MSF has been working in Bihar since 2007. Our activities have seen a gradual transition to focus on people living with advanced HIV and life-threatening opportunistic infections at Guru Gobind Singh Hospital in Patna, Bihar. For the unversed, patients with advanced HIV have an extremely high mortality rate, with complex treatment needs covering nutrition, infection, mental health and psychosocial support. In 2019, MSF inaugurated its clinic in Bihar intending to reduce mortality among patients with advanced HIV by increasing their access to care against life-threatening infections.

Dr Purnima talks about the challenges and solutions for people living with HIV. According to her, patients face anticipatory anxiety coupled with fear of being ostracised from the community.

“We see symptoms of social reclusiveness and withdrawal. Many of our patients report that they avoid social gatherings like attending marriage functions and showing overt signs of happiness,” asserted Dr Jain. A sense of intense psychological distress, concentration issues and numbness loom large over their psyche.

Dr Debasish Chowdhury, the Health Promotion Manager, lists the top priorities – as respecting the individual’s agency, conducting outreach programs which include giving the individual full information, maintaining a gender-sensitive approach and acknowledging the desire of the patients and attendants.

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Kashmir: A day in the life of Community Mental Health Worker

Altaf Hussain is a Community Mental Health Care Worker (CMHW) with MSF in the Sopore district of Kashmir. He has been working with MSF since November 2020. Being a part of the community, he has helped us understand how MSF counsellors and mental health workers are slowly trying to reduce the stigma associated with mental health conditions in Kashmir. 

Ayesha* belonged to a poor family in Kashmir and was studying in 11th grade. Due to poor financial conditions at home that were triggered by the loss of her father’s job (a driver) and the subsequent lockdown due to COVID -19, she was unable to continue her studies and dropped out the school. This severely affected her mental health as she was a bright student and really liked studying. 

Gradually, when the government slowly lifted the COVID-19 restrictions, the financial situation of her family also improved. However, Ayesha* was still struggling to regain her interest in studying. One of her close friends approached Altaf and asked him if counselling would be beneficial for Ayesha’s* mental health. Altaf motivated her to bring Ayesha* to the counselling sessions at MSF and also spoke to her parents to understand more about her woes. With every passing session, she seemed to get better and soon restarted her studies.  

 Ayesha’s* story is one of the many stories of hope that Altaf recalls and has lived through. 

 “Main yeh nahin keh raha hoon ki hamaari (MSF) wajah se sab theek ho gaya hai, magar pehle humein logon ko counselling ke lie bulaane jaana padta tha, abb log khud call karke, appointment lete hain. Yeh kaafi bada badlaav hai and mujhe isse kaafi khushi hoti hai.,” he signs off with a hopeful smile.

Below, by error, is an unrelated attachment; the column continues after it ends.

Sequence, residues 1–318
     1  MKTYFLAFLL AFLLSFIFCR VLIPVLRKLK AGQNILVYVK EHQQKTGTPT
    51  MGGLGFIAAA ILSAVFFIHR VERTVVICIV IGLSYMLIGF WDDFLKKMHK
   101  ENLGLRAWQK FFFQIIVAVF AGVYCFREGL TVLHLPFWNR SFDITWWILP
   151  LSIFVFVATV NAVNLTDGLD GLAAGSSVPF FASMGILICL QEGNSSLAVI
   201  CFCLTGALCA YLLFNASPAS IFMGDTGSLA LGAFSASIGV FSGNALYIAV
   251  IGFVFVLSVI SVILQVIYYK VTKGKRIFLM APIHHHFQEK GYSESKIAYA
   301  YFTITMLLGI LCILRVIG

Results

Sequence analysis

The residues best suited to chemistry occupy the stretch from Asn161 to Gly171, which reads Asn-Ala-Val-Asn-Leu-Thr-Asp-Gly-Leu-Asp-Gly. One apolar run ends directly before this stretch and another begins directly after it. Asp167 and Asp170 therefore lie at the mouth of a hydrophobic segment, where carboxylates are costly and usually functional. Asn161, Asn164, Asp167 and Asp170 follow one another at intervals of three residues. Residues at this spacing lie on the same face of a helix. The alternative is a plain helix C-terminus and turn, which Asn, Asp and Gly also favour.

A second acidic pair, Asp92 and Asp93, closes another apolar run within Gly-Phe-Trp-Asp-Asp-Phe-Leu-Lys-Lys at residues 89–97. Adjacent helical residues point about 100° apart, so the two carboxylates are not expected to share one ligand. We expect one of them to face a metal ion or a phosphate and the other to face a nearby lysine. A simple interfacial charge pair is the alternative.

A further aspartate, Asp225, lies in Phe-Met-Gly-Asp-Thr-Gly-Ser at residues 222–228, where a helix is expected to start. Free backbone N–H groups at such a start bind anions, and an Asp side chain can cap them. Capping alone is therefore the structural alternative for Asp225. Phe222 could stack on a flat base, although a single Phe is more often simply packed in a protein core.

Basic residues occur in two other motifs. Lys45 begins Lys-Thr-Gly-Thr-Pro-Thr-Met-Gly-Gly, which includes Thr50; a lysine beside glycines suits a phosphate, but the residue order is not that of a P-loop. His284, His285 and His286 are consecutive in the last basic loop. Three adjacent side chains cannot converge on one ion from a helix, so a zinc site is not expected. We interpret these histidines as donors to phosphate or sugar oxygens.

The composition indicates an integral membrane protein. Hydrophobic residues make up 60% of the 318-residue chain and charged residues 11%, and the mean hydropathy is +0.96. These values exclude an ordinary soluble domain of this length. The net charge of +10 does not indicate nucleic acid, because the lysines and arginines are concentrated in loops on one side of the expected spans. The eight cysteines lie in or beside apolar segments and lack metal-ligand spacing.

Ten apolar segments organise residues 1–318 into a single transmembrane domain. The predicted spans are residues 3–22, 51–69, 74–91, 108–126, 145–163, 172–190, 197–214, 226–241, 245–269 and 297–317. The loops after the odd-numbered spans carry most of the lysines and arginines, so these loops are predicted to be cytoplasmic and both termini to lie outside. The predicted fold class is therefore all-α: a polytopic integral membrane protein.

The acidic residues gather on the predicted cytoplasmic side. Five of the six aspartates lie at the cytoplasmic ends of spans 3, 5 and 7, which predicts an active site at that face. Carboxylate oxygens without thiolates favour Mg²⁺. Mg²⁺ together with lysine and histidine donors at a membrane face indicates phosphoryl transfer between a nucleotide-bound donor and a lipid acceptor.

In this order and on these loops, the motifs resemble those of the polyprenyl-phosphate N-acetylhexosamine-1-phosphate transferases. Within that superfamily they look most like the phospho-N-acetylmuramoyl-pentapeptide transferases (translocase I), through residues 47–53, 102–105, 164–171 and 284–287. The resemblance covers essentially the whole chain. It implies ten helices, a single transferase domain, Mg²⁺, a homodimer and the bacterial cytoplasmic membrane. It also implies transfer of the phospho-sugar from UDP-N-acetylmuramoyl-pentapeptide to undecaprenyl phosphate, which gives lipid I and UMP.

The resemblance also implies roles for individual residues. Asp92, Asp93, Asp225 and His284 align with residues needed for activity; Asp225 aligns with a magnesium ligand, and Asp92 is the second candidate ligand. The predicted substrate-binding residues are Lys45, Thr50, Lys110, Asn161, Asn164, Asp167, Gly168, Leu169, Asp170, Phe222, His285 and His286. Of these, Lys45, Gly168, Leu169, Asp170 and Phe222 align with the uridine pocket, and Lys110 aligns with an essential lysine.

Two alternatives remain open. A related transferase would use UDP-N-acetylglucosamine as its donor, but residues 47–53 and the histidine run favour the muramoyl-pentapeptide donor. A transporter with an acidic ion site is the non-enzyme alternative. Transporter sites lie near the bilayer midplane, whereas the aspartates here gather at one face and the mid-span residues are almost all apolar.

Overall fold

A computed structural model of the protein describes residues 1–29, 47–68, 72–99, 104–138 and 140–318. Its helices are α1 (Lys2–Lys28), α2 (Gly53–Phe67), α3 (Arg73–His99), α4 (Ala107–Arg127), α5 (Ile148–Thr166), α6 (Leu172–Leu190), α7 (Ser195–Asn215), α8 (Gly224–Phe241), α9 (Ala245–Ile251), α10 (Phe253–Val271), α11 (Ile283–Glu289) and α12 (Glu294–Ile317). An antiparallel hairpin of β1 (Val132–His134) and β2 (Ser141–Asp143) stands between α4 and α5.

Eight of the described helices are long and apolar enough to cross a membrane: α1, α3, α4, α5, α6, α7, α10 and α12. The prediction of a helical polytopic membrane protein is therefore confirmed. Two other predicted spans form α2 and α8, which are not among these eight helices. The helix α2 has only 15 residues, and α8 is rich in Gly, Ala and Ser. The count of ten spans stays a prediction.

Bangladesh:  Rohingya crisis five years on

For several decades, #Rohingya people in Myanmar have been subjected to increasingly severe systematic human rights violations. These include the denial of citizenship and movement restrictions, limited access to education and healthcare, barriers to marriage, having children, and freedom to practice their religion.

Myanmar security forces completely or partially destroyed nearly 400 Rohingya villages in August 2017, killing, injuring, and sexually assaulting thousands of Rohingya. This violence prompted a 700,000-refugee exodus from Myanmar to Bangladesh. Human rights organisations have well documented long-standing systematic human rights violations, including the nature and scale of violence against the Rohingya.

Medecins Sans Frontieres/Doctors Without Borders has documented the struggle and the perseverance of the Rohingya population since 2017, including healthcare in camps, the underlying living conditions, and mental health needs and challenges. Five years on, MSF spoke with five Rohingya people living in refugee camps in Cox’s Bazar, Bangladesh, to understand how they see their lives five years since being forcibly displaced from Myanmar.

The stories shared by the patients cover three generations, and they are all current or former patients of MSF.

*Patient’s name has been changed to protect her identity and confidentiality. 

MSF has been providing free, high-quality counselling to people affected in the valley since 2001. Currently, our teams provide counselling services at hospitals in five districts: Baramulla, Shopian, Pulwama, Srinagar and Sopore. To combat the stigma associated with mental illness, MSF teams also raise awareness on the importance of mental health and the need for the availability of mental health services in the
valley.
In 2021, we continued to provide counselling services through four district hospitals and primary healthcare centres in the Kashmir division, and added coverage for a fifth as we expanded our program in Sopore. Additionally, we provided phone counselling services due to movement restrictions associated with the COVID-19 pandemic and expanded this remote service by offering both individual and group sessions through online video calls.